You’re Charging on a Credit Card — When Do You Pay?
Is Your SaaS Charismatic Enough to Build a Tribe?
Nurturing the characteristics of a charismatic company to inspire devoted, loyal advocates to provide social proof.
Social proof is huge in SaaS marketing. What people think and say about your SaaS has a lot to do with its momentum and market fit. But how they feel about your solution has wider implications. Real advocacy comes from having a devoted tribe. That’s the difference between marketing coming from just you, or having thousands of authentic voices spreading the word on your behalf. The latter is incredibly powerful. And it comes from creating a charismatic brand.
Inspiring devotion from visitors, followers, and customers.
I saw this play out at ion interactive before we were acquired. Devotion wasn’t limited to customers. It started with people who were familiar with us. And then it extended to those who actively followed us. And yes, it culminated in passionate customers. The customer piece was great, but the wider social proof that came from people on the outskirts had massive value as well. Just last week I interviewed someone who was clearly a devoted, passionate, ion advocate. She was never a customer. And only used the platform for a short time. But she loved the company. More accurately, she loved what we stood for. Our point of view deeply resonated with her.
6 ways to nurture the characteristics of a charismatic SaaS company and inspire social proof.
My inspiration for this post came from a breakfast meeting I had yesterday with an old friend. One of the topics we discussed was what made some SaaS companies spread like wildfire while others have to work so hard for traction. There are a lot of factors in play there, but one of the ones that came up was fan-like devotion and social proof. That led to a discussion around the idea of charisma and how that dovetailed with SaaS culture. And that led to how founders can nurture the characteristics that make a company magnetic.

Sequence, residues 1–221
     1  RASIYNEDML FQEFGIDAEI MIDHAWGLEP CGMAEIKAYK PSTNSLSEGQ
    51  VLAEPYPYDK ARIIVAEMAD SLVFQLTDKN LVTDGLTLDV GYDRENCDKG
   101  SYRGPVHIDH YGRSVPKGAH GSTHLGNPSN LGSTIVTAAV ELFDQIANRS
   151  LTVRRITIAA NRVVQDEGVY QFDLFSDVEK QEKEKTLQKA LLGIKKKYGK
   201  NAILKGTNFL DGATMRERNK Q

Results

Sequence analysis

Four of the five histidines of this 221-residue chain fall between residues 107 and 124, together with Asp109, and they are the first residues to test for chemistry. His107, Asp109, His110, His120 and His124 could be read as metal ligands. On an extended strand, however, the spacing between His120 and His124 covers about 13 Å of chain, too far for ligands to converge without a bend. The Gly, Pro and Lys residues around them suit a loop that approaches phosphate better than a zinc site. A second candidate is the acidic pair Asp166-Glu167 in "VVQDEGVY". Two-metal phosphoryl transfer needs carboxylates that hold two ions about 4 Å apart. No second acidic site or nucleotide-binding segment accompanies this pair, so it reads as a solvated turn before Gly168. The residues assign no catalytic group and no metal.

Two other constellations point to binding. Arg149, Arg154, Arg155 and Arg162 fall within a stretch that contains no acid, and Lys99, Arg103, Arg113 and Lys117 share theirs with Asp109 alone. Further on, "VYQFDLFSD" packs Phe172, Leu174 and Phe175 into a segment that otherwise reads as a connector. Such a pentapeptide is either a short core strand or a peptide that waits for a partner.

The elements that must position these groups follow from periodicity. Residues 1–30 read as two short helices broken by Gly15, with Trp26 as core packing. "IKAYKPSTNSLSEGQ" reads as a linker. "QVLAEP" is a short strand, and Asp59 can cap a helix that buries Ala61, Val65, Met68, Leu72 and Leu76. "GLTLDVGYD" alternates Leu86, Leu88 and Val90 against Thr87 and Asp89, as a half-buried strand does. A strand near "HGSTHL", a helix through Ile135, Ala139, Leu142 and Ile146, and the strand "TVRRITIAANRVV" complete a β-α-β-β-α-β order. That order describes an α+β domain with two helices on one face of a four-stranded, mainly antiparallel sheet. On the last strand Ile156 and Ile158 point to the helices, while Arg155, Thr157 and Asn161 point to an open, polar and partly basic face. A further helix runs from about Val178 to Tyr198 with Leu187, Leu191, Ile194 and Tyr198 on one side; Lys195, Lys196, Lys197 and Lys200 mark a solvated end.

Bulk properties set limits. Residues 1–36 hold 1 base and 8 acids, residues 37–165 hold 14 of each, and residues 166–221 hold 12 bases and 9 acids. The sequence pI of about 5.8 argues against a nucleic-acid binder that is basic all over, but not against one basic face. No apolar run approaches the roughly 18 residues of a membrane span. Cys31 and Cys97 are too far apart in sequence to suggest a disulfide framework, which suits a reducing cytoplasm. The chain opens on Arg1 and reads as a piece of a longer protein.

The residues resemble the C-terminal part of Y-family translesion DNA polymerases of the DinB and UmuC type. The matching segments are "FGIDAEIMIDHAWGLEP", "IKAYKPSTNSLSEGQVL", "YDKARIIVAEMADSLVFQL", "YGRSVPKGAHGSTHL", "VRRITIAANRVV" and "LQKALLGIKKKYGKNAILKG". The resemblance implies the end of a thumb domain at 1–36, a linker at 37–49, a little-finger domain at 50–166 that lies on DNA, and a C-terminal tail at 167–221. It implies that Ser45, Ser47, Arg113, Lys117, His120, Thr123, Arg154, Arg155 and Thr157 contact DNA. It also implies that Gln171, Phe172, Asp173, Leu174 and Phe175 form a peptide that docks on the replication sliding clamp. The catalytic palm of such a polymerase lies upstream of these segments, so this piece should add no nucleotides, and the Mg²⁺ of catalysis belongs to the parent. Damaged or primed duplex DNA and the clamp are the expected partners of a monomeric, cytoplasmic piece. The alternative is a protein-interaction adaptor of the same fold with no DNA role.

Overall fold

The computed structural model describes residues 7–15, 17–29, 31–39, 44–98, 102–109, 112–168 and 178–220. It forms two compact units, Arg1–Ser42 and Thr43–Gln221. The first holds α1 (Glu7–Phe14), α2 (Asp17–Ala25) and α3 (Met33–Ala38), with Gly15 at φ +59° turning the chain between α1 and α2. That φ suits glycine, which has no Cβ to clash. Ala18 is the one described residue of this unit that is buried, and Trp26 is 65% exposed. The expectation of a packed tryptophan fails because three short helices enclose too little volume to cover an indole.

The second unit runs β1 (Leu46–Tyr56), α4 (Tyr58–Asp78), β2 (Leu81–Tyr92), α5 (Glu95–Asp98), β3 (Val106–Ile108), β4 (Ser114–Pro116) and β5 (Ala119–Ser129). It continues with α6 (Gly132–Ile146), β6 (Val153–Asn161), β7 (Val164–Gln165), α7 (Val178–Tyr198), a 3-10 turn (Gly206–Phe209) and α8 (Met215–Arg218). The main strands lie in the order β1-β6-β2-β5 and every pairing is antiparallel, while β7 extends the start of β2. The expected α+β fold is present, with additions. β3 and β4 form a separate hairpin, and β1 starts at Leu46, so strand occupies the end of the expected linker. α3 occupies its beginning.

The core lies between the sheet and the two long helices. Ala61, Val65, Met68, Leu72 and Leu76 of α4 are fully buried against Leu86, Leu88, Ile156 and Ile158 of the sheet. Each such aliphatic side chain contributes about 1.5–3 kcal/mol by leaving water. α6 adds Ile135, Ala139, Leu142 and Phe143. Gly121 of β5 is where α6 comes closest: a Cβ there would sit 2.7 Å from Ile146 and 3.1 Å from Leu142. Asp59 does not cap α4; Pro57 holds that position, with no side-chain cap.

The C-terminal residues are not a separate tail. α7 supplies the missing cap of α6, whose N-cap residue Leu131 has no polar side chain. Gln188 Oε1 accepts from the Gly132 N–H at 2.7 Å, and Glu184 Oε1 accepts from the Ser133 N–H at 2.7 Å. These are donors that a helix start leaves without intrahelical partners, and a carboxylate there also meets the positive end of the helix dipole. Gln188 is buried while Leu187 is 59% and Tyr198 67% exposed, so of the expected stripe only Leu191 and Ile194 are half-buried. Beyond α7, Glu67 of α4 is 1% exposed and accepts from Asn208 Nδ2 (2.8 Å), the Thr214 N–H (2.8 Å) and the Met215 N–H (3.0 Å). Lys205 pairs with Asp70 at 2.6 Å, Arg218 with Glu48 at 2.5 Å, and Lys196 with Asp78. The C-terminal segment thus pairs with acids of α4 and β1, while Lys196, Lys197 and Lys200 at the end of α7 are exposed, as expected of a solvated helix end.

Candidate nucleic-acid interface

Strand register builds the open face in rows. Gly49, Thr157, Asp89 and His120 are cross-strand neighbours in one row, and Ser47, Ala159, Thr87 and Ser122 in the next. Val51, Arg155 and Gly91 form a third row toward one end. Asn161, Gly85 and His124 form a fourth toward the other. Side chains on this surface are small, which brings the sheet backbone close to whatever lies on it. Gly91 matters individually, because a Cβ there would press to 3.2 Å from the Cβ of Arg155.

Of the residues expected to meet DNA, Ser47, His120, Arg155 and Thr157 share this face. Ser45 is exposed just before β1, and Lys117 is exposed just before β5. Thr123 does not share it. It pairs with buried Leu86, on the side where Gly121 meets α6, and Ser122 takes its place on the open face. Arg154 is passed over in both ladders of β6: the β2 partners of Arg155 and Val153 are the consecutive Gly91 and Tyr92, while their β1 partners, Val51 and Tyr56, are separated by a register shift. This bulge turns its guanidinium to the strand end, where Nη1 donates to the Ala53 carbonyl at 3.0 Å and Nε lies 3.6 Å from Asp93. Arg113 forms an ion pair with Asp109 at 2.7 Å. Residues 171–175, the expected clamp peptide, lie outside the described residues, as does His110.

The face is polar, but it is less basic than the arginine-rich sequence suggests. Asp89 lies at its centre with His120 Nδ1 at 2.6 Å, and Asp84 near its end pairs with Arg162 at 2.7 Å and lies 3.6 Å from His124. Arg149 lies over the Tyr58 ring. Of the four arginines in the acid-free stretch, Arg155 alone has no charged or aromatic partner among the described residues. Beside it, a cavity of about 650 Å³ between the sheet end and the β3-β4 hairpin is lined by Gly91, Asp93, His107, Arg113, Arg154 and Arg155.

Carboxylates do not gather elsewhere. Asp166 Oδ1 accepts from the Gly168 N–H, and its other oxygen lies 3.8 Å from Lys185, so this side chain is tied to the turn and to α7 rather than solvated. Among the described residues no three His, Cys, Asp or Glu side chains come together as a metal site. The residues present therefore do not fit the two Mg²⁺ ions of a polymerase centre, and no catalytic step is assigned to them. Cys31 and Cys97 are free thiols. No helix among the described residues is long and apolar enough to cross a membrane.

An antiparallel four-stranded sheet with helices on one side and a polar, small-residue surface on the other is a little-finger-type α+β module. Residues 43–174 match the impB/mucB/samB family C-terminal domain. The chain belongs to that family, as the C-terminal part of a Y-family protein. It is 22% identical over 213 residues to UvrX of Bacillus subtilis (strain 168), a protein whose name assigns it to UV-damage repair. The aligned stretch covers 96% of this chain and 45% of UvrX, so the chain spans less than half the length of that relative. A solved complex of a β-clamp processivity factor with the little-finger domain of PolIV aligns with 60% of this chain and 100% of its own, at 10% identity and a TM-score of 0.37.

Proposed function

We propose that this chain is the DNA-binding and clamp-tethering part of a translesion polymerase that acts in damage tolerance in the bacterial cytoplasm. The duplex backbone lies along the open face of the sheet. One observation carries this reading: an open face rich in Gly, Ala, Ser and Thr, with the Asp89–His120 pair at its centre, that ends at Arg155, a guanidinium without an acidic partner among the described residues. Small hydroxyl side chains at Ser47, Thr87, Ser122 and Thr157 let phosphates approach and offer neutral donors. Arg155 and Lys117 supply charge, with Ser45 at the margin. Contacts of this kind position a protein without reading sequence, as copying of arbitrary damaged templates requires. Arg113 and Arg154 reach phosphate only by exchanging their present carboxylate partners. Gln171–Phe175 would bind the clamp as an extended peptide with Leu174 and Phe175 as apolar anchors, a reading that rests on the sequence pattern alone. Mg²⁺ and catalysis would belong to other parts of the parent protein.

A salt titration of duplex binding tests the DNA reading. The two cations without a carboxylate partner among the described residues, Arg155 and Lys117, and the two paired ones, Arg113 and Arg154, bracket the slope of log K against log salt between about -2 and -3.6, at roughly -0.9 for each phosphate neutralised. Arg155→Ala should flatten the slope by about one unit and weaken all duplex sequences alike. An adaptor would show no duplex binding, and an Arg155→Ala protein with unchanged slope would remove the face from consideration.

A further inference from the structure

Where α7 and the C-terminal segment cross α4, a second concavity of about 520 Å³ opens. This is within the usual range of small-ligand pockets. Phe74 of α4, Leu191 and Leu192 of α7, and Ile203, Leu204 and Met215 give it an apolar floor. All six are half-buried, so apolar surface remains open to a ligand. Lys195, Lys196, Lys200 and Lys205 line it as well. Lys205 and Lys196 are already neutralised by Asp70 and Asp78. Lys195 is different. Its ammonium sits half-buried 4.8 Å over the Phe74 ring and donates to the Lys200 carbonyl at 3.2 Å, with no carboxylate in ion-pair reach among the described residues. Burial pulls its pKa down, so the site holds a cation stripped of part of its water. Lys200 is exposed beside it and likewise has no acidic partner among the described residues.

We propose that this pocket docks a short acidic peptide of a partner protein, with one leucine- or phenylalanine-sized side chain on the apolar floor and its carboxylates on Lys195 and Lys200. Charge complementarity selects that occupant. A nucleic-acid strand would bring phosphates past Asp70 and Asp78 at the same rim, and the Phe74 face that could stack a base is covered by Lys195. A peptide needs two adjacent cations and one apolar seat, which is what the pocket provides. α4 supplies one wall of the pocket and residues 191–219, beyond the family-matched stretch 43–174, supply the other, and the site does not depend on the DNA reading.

Today, as I was noodling this article, I Googled charisma and did some reading. It’s interesting to me to think about these characteristics outside the context of a person, in the broader context of an entire company.
Charisma is the ability to attract, charm, and influence the people around you.Psychology Today
Being attractive, charming and influential sounds like a pretty good road toward breeding passionate advocates.
Charisma — a personal magic of leadership arousing special popular loyalty or enthusiasm for a public figure (such as a political leader)Merriam-Webster
But, what makes a company charismatic? I’m going to draft off of six elements of personal charisma courtesy of Psychology Today and reframe them in the context of a company…
1. Emotional Expressiveness
As a company, do we express our point of view spontaneously and genuinely? This cuts to the core for me, which is authenticity. An authentic voice is a unique one, and a differentiated, real perspective on a space or problem is both valuable and useful — inspiring advocacy and social proof.
2. Emotional Sensitivity
To me, as a company, do we listen, have empathy, and express our brand with a high emotional IQ? Do we make everyone who interacts with us feel valued and heard? One of the most critical things a growing SaaS company does is listen, ingest and respond to feedback in the form of evolutionary changes. When those adjustments show emotional sensitivity...